How to break into TV writing

I don’t actually know how to break into TV writing. Just so we’re clear up front, I’ve never attempted it.

The one thing I do know about getting into television is that you need to write sample scripts. I have always been told that one should write scripts for existing shows, and that those scripts will be sent to producers of other shows (reading a sample for your own show is a conflict of interest).

I read a bunch of industry-related blogs. John August, Wil Wheaton, Peggy Archer, and Jane Espenson, to name a few. Jane writes for television.

Last week this came up on my bloglines: Jane in Progress — It Finally Sinks In.

Other than that thing about The Office, though, which *is* still apparently *the* half-hour to have, my predictions were wrong. For the first time since I’ve been asking the question, I was told that the agent wasn’t recommending *any* established shows at all! Spec pilots, as well as original plays and short film scripts were *all* that she recommended for young writers putting together their collection of samples.

My totally uneducated prediction: this won’t work well. So don’t put away that half-finished Deadwood episode yet.

Anyone with further insight?

7 Replies to “How to break into TV writing”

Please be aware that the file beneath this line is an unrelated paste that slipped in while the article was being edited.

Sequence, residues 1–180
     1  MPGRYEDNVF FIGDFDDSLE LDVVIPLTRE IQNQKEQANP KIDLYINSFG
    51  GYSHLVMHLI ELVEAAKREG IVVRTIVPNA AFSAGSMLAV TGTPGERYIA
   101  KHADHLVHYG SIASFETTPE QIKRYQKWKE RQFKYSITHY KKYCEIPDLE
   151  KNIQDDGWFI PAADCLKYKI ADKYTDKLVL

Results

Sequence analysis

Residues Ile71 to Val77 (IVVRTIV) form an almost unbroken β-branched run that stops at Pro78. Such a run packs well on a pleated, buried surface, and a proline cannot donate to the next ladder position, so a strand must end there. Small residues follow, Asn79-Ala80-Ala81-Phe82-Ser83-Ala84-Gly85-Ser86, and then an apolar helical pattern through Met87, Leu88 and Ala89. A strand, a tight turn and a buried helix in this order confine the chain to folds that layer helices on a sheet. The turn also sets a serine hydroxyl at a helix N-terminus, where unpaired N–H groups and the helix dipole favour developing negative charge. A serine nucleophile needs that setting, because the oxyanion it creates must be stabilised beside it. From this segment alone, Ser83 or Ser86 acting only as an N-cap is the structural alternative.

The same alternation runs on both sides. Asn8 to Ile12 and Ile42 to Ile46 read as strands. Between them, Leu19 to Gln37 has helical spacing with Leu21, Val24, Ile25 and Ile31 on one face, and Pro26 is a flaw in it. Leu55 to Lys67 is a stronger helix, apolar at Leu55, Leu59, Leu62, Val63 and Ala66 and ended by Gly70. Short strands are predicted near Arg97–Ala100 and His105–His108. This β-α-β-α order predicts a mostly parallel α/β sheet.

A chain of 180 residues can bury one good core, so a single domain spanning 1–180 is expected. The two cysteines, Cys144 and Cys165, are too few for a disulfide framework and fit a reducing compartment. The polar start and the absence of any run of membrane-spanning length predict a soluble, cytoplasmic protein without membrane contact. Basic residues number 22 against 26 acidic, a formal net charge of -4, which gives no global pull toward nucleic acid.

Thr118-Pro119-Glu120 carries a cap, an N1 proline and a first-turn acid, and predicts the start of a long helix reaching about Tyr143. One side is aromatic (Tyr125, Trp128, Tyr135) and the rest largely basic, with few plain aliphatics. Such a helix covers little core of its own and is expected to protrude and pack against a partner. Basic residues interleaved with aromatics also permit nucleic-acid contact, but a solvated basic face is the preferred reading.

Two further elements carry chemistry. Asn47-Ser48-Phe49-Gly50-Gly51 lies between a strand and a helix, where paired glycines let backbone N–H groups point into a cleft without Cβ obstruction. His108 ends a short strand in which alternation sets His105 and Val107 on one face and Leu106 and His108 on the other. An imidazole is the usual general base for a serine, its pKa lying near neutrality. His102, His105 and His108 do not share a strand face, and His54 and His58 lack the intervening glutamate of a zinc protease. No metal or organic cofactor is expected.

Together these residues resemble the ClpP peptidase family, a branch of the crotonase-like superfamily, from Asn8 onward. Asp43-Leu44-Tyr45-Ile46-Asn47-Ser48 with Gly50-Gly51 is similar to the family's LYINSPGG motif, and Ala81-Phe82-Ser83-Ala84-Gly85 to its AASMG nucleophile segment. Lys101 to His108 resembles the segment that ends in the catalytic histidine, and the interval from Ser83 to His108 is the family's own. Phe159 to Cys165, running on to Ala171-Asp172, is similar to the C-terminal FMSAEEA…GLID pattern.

1. No insight from the inside, but I’d say today’s enviornment is probably more open to spec samples than at any other time, because most successful shows right now are unconventional. Lost, 24, Heroes, etc., are all pretty unique.
    But, if you’re hoping to get into sitcoms, write specs for sitcoms, and I’d venture to bet that sitcom producers probably want to see scripts based on existing shows.

  2. I have a ton of friends who’re all into this stuff, but I’m just happy being a random poster on a number of blogs.

    Who needs to actually write for a living?

  3. It’s a moving target in a fickle business. Next year it might be spec Maori tattoos, so save room on your face.

  4. Read as many scripts as you can from shows that are either a success now or have been recently (critical as well as commercial). It’ll give you a feel for what producers expect from writers.

    Then write. Don’t worry about your first draft – you’ll hate it, but every first draft blows. It’s what you do with it after that that counts.

  5. Go back to law school. Unless you are willing to be a writer’s assistant and fetch coffee for (a few?) years…..

    Having Ivy league degree and/or being Jewish doesn’t hurt either. (hey I’m no bigot/racist, I’m just sayin…)

  6. The general rule for specs is that it should be a show new enough to not be played out, but also established enough that it won’t be cancelled by the time your script gets read. Right now a good comedy to spec would be How I Met Your Mother, or maybe My Name Is Earl. The Office is very hot, but possibly too hot and verging on oversaturation.

    I’m also hoping that the agent that Jane talked to is misguided — a spec shows your ability to write for an existing show and characters, which is what a TV writing job is all about. It’s something of a different skill than writing an entirely original script, although certainly the two have a lot in common as well.

    On the flip side, I can see how it would be a risky proposition to spec a show like Heroes, which seems to have its plotlines planned out for the next two years.

Comments are closed.